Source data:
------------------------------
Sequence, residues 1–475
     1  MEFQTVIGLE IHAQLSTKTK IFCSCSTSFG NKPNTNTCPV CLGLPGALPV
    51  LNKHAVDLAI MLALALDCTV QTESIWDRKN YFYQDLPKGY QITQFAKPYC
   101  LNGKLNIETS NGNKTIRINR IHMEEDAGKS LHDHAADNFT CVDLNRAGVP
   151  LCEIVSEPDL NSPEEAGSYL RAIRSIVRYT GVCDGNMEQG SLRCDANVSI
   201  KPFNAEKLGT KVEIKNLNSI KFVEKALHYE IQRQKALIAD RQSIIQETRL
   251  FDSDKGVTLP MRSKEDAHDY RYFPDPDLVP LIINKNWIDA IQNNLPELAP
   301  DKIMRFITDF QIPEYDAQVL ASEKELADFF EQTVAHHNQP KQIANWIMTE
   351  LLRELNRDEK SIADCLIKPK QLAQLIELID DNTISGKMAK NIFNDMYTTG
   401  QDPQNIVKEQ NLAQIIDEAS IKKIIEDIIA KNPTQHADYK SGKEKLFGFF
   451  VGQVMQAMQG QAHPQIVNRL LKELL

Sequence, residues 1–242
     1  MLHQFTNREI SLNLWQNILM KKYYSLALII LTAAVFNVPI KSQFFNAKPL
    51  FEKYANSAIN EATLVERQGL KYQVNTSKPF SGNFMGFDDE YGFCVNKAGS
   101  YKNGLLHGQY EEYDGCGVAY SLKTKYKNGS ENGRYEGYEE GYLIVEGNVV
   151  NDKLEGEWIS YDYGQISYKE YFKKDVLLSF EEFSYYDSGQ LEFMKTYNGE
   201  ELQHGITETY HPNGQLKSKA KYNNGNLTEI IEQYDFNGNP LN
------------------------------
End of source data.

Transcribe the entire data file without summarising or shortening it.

Sequence, residues 1–475
     1  MEFQTVIGLE IHAQLSTKTK IFCSCSTSFG NKPNTNTCPV CLGLPGALPV
    51  LNKHAVDLAI MLALALDCTV QTESIWDRKN YFYQDLPKGY QITQFAKPYC
   101  LNGKLNIETS NGNKTIRINR IHMEEDAGKS LHDHAADNFT CVDLNRAGVP
   151  LCEIVSEPDL NSPEEAGSYL RAIRSIVRYT GVCDGNMEQG SLRCDANVSI
   201  KPFNAEKLGT KVEIKNLNSI KFVEKALHYE IQRQKALIAD RQSIIQETRL
   251  FDSDKGVTLP MRSKEDAHDY RYFPDPDLVP LIINKNWIDA IQNNLPELAP
   301  DKIMRFITDF QIPEYDAQVL ASEKELADFF EQTVAHHNQP KQIANWIMTE
   351  LLRELNRDEK SIADCLIKPK QLAQLIELID DNTISGKMAK NIFNDMYTTG
   401  QDPQNIVKEQ NLAQIIDEAS IKKIIEDIIA KNPTQHADYK SGKEKLFGFF
   451  VGQVMQAMQG QAHPQIVNRL LKELL

Sequence, residues 1–242
     1  MLHQFTNREI SLNLWQNILM KKYYSLALII LTAAVFNVPI KSQFFNAKPL
    51  FEKYANSAIN EATLVERQGL KYQVNTSKPF SGNFMGFDDE YGFCVNKAGS
   101  YKNGLLHGQY EEYDGCGVAY SLKTKYKNGS ENGRYEGYEE GYLIVEGNVV
   151  NDKLEGEWIS YDYGQISYKE YFKKDVLLSF EEFSYYDSGQ LEFMKTYNGE
   201  ELQHGITETY HPNGQLKSKA KYNNGNLTEI IEQYDFNGNP LN